When I think of the term “flavor affinity”, tomato and basil are two that immediately come to mind. Particularly during the summer months, I try to cook as much as possible with these items, whether they be components of a tomato, basil, mozzarella omelette or in the form of simple bruschetta. The simplicity and perfection this flavor duo cannot be denied, which is why I simply can’t get enough of the melding of them into a dish like this one.
While perusing the New York Times ‘Health’ section the other day on my phone (well worth the price of the subscription as I waste considerably less time on it), I stumbled upon this gem of a recipe. I tend to think of risotto as more of a winter dish, since it usually consists of heaps of chicken broth, but with fresh tomato, basil, and thyme this risotto is (seemingly!) lighter than most. Additionally, the fact that I can pick the herbs fresh from the garden outside add to the richness and enjoyableness of this dish. Three cheers for the bucolic Northern New Jersey suburbs.
I’ve come to the conclusion that whenever making a risotto dish, the labor expenditure is almost always worth the final outcome, and most definitely in this case. I added slightly more thyme than the recipe called for as well as additional white wine during the chicken broth mixing step. I also halved this recipe since I was cooking for 2-3 people and it came out just as well.
Tomato & Basil Risotto
Recipe taken from the NYTimes ‘Health’ column
Serves 4 to 6
7 cups well seasoned vegetable stock, garlic stock or chicken stock
2 tablespoons extra virgin olive oil
1/2 cup minced white onion
Salt to taste
2 garlic cloves, minced
1 pound tomatoes, grated
Pinch of sugar
1 teaspoon fresh thyme leaves
1 1/2 cups Arborio rice
Salt and freshly ground pepper to taste
1/2 cup dry white or rosé wine, such as Pinot Grigio or Sauvignon Blanc
1/2 pound additional sweet ripe tomatoes, finely diced (about ¾ cup)
1/4 cup slivered fresh basil
1/4 to 1/2 cup freshly grated Parmesan cheese (1 to 2 ounces)
Put your stock or broth into a saucepan and bring it to a simmer over low heat, with a ladle nearby or in the pot. Make sure that it is well seasoned. Heat the olive oil over medium heat in a wide, heavy skillet or a wide, heavy saucepan. Add the onion and a generous pinch of salt, and cook gently until tender, about 5 minutes. Add the rice and garlic and cook, stirring, until the grains of rice are separate and beginning to crackle. Stir in the grated tomatoes, sugar, thyme, and salt to taste and cook, stirring often, until the tomatoes have cooked down slightly and coat the rice, 5 to 10 minutes.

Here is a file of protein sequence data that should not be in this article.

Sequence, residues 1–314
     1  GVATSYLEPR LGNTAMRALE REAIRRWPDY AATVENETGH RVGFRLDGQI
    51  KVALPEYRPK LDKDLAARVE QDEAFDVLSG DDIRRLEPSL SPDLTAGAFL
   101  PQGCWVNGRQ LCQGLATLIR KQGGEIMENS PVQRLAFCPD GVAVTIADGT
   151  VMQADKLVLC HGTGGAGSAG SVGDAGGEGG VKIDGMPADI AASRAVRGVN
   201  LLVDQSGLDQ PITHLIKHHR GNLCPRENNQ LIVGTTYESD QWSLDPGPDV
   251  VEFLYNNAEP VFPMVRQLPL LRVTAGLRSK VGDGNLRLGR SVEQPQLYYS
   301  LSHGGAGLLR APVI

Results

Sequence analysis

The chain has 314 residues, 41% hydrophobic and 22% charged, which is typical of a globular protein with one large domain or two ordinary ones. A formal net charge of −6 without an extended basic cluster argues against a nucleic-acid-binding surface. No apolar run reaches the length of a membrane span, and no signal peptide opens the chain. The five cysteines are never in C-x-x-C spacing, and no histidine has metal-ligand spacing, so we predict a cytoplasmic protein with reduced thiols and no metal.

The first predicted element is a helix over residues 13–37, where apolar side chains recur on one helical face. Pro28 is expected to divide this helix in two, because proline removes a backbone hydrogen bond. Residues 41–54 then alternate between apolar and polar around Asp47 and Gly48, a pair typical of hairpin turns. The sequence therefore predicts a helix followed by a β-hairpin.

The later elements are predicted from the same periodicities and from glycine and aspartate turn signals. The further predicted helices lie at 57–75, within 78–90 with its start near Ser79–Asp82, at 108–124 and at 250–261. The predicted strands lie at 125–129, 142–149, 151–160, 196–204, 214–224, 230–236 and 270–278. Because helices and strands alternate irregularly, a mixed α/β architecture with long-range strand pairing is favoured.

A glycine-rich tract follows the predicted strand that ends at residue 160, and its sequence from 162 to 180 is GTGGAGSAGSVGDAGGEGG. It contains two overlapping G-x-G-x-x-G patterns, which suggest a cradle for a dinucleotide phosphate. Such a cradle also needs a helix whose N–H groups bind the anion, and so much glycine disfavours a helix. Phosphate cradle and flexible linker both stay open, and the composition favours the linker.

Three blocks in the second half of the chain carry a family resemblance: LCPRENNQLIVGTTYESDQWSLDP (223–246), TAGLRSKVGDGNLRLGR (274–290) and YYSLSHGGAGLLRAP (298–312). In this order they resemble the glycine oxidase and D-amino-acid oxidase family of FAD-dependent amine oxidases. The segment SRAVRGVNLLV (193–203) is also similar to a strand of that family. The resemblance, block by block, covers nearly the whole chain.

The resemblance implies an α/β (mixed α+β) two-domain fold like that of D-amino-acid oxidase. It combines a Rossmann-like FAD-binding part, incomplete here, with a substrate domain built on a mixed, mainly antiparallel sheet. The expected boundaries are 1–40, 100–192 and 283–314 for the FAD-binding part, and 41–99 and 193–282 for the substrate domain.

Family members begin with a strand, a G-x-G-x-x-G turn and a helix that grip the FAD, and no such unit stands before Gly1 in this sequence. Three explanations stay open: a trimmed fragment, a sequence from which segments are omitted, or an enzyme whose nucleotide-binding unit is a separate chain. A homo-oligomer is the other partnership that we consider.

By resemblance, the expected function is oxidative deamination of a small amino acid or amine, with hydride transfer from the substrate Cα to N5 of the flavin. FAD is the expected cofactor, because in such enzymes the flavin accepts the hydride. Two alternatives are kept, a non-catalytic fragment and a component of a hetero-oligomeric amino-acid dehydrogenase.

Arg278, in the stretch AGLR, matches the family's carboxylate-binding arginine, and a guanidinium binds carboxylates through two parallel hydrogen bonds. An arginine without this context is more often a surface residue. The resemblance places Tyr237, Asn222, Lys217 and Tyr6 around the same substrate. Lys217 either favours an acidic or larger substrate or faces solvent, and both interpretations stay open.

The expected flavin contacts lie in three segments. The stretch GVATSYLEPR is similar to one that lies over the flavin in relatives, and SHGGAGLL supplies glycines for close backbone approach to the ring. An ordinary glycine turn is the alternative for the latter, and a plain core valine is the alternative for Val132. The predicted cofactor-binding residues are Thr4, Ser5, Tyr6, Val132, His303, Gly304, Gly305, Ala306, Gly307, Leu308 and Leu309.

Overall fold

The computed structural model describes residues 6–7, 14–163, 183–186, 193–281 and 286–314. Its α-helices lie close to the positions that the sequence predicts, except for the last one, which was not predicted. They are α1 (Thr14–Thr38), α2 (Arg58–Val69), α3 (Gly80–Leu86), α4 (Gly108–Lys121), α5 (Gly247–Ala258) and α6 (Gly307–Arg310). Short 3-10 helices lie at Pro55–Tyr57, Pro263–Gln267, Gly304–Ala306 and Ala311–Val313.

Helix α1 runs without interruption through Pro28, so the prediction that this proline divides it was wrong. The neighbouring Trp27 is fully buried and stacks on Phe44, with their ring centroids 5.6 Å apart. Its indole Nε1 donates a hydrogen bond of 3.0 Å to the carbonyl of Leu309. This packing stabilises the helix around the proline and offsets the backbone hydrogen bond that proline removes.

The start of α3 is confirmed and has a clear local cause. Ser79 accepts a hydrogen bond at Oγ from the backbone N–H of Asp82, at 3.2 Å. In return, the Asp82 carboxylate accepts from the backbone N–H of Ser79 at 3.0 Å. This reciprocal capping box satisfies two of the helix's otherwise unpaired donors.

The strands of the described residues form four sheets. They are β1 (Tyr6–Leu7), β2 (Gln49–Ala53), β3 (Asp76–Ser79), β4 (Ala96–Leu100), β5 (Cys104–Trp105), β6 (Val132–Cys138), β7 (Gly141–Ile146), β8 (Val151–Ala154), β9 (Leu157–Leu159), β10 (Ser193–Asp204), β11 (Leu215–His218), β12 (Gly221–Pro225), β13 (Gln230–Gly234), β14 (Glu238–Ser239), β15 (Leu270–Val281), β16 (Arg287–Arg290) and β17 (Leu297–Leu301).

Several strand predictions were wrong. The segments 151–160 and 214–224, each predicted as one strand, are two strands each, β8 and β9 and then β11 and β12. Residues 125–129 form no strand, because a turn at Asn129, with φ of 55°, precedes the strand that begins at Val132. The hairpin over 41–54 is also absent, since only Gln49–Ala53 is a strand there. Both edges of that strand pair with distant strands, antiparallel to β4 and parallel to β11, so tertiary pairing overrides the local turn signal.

Add the wine and stir until it has evaporated and been absorbed by the rice. Begin adding the simmering stock, a couple of ladlefuls (about 1/2 cup) at a time. The stock should just cover the rice, and should be bubbling, not too slowly but not too quickly. Cook, stirring often, until it is just about absorbed. Add another ladleful or two of the stock and continue to cook in this fashion, adding more stock and stirring when the rice is almost dry. You do not have to stir constantly, but stir often and when you do, stir vigorously. When the rice is just tender all the way through but still chewy (al dente), in 20 to 25 minutes, it is done. Taste now and adjust seasoning. Add another ladleful of stock to the rice. Stir in the additional finely diced tomatoes, basil and Parmesan and remove from the heat. The mixture should be creamy (add more stock if it isn’t). Serve right away in wide soup bowls or on plates, spreading the risotto in a thin layer rather than a mound.
Moments before the gratifying, final mix